• Scott Admire


    Checked out the website but not sure what article you were directing me to. And I suppose I might be an evangelist, but that depends on your defintion. I am not nearly as much of an evangelist as I ought to be, and probably not nearly as ‘evangelistic’ as you or JT.
    Either way, scientific evidence is always a plus, and so is usefulness. The minimal facts approach actually uses a modern accepted historical approach to find base historical events that can be widely agreed upon by skeptic and believer alike, and then constructs the most plausible account of the time period. I attended an apologetics conference where Licona presented his minimal facts approach in 4 outbreak sessions. I would happily send either of you a copy of the audio which really serves as an overview of the method. It was presented to undergrad/grad students and the public and may not be the most critical or thorough commentary, but it gives the main ideas.

  • Douglas Kirk

    I wasn’t directing you to an article, just a better website for the specific questions I’m sure you want to propose. And by evangelist I meant a member of an evangelical christian denomination.

  • Scott Admire


    I am. But my ties to my denomination are not nearly so tight as my ties to truth. I do not believe Jesus Christ rose from the dead because I belong to an evangelical denomination, but I belong to an evangelical denomination because I believe Jesus Christ rose from the dead.

    I’m totally fine with science and solid evidences and sound arguments. I know there are many MANY people who are smarter than me and more read on a number of topics, but I don’t feel I’m that irrational of a person. I certainly have met non-believers who were more irrational than me. But I do believe Jesus rose from the dead, and it has impacted my peace and my hope. But again, I do not believe because it has impacted my peace and my hope, but in believing my peace and hope have been impacted. It’s an important distinction.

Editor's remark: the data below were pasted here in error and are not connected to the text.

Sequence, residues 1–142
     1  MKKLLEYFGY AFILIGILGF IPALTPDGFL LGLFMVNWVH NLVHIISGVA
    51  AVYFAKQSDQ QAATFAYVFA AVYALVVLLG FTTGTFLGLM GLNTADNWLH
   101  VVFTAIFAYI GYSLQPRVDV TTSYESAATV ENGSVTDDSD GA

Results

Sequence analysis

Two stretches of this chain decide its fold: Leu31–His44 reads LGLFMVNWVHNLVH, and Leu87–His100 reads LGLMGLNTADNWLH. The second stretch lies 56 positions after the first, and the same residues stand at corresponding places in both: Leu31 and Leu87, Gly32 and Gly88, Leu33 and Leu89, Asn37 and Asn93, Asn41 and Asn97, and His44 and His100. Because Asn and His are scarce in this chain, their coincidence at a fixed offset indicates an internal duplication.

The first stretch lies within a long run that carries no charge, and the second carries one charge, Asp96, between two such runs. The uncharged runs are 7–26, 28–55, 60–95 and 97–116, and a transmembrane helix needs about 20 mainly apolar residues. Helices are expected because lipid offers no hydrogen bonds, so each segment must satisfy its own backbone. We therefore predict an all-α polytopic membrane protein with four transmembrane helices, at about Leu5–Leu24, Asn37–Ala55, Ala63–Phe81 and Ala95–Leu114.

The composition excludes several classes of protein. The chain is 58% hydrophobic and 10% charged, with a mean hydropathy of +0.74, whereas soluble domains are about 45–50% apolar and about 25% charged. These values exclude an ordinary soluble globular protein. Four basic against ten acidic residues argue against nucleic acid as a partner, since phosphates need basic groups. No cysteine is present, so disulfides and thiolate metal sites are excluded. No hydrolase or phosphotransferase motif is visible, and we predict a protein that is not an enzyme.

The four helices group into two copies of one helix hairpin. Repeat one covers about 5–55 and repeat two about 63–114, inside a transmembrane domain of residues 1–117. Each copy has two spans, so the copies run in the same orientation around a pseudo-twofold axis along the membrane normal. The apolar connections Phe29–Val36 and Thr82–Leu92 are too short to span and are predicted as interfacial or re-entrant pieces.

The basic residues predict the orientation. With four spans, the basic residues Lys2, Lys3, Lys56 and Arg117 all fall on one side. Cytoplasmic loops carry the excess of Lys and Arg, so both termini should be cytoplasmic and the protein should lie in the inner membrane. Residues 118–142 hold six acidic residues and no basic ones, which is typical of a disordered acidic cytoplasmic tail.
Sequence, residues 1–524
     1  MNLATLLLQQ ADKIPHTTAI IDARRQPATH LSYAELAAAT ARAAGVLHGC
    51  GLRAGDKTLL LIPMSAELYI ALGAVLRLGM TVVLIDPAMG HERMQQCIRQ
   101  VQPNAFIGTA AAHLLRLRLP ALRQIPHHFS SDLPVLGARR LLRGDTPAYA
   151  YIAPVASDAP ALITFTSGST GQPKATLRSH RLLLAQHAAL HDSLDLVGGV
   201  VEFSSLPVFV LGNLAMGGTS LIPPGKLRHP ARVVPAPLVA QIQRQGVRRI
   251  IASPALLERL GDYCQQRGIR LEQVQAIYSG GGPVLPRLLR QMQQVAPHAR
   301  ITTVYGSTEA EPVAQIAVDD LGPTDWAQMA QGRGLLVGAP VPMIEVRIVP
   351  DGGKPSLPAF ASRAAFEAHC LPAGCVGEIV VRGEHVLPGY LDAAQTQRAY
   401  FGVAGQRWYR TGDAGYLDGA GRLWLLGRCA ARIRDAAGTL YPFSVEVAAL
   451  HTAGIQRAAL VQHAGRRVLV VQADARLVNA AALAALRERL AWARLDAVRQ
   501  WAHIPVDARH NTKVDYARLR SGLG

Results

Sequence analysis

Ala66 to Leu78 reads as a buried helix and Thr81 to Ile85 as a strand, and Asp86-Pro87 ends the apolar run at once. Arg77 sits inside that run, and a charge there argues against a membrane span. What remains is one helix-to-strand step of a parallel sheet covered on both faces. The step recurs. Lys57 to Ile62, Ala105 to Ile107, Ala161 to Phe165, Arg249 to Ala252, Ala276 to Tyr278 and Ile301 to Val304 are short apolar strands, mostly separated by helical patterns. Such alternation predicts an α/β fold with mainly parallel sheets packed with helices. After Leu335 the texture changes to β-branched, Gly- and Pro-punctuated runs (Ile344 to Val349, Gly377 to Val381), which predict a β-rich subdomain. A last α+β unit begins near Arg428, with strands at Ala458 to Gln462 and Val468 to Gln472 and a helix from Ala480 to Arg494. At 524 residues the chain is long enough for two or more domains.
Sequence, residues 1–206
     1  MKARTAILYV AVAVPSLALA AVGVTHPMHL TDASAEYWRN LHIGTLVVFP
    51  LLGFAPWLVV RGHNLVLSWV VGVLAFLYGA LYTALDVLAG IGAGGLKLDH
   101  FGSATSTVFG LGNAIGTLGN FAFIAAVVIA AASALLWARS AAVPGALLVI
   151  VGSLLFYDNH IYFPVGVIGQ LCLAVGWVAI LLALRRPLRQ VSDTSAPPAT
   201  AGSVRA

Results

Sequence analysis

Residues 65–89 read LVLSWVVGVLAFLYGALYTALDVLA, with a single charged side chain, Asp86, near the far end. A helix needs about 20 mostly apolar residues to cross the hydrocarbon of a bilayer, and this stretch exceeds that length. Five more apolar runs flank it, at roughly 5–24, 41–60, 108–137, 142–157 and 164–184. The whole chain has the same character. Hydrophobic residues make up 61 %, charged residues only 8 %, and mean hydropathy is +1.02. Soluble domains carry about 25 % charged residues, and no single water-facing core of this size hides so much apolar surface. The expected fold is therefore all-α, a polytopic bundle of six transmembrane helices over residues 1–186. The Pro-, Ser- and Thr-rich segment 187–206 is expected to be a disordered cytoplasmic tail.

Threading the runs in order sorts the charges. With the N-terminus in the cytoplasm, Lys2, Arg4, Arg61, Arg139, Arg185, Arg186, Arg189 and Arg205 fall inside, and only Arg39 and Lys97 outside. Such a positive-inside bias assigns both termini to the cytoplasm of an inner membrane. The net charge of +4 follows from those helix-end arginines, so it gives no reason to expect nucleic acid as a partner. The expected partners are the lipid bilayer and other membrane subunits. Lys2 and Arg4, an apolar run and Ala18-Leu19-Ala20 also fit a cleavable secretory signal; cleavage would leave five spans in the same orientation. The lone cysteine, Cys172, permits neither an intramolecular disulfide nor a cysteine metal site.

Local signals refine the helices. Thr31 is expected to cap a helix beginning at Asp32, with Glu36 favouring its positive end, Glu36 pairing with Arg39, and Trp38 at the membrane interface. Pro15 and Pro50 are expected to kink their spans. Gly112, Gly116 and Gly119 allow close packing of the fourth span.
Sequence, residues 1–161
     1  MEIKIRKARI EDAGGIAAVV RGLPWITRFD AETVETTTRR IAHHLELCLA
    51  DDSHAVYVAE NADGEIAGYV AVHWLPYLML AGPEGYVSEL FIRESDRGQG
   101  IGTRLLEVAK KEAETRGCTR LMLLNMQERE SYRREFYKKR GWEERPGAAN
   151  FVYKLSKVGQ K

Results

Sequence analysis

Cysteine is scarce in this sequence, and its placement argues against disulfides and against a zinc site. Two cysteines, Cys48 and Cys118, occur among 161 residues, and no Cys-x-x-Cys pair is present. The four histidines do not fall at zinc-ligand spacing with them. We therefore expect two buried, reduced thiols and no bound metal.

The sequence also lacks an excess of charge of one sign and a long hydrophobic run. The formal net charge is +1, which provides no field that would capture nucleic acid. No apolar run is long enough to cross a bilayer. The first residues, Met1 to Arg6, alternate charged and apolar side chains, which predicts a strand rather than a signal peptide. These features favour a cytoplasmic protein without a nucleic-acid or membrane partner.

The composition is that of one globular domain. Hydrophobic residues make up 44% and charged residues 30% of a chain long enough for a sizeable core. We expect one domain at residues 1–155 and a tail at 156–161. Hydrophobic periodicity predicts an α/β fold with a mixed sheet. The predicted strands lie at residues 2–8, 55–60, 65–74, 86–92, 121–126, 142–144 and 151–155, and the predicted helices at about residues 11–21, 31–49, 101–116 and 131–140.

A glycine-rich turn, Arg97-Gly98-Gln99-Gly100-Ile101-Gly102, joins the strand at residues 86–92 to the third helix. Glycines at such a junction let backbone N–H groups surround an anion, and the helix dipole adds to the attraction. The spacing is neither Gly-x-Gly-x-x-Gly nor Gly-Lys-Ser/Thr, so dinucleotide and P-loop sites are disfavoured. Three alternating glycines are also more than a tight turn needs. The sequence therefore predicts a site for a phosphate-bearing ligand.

• Scott Admire


    here is something I’ve never understood:

    If we start with a premise that morality is merely a production of evolution then:

    (1) why is immorality a universal human experience as well? (do we see other creatures failing to use adaptations created for survival as miserably as humans)


    (2) if we get to a point where it is more beneficial for the survival of humanity to kill off weaker nations/groups of people (imaginable in view of over-population, decreasing natural resources, etc.), would it then be (through the means of adaptation for survival) morally acceptable and even a moral praise to commit genocide? Along these same lines, if Hitler were promoting the survival and rule of what he believed to be a superior human race (or in other words pushing evolution forward), how could his actions be deemed immoral if evolution is the only basis for morality to begin with?

    I am more interested in point 1 because it’s less hypothetical and requires explanations for what we see currently in the human race. The mix between a desire to do good and a failing to do good is confusing in view of evolutionary principles alone.

  • Scott Admire


    Philosophically speaking, is it wrong for a Christian to evangelize or attempt to persuade someone to adopt his/her worldview?

    IF (not saying this is correct, but for argument’s sake) someone truly believed that you were going to suffer eternal judgment from God for wrongs you have done in your life unless you accept Christ’s punishment on the cross as your substitute…. again, IF you believed that.. would it not be more hateful to keep this message to yourself?

    I know you believe it would be the responsibility of the sane person hearing the message to return the favor and save this person from their delusion… but I’m confused as to why atheists/non-believers get angry with someone for sharing with them their beliefs in a caring way. I understand yelling at someone to believe or die is wrong.. but if you simply believed it was true your best friend was going to Hell unless he accepted Christ, would it not be more morally wrong to NOT share the message, even if it was akward or uncomfortable?

    atheist Penn Gillett’s explanation http://www.youtube.com/watch?v=ZhG-tkQ_Q2w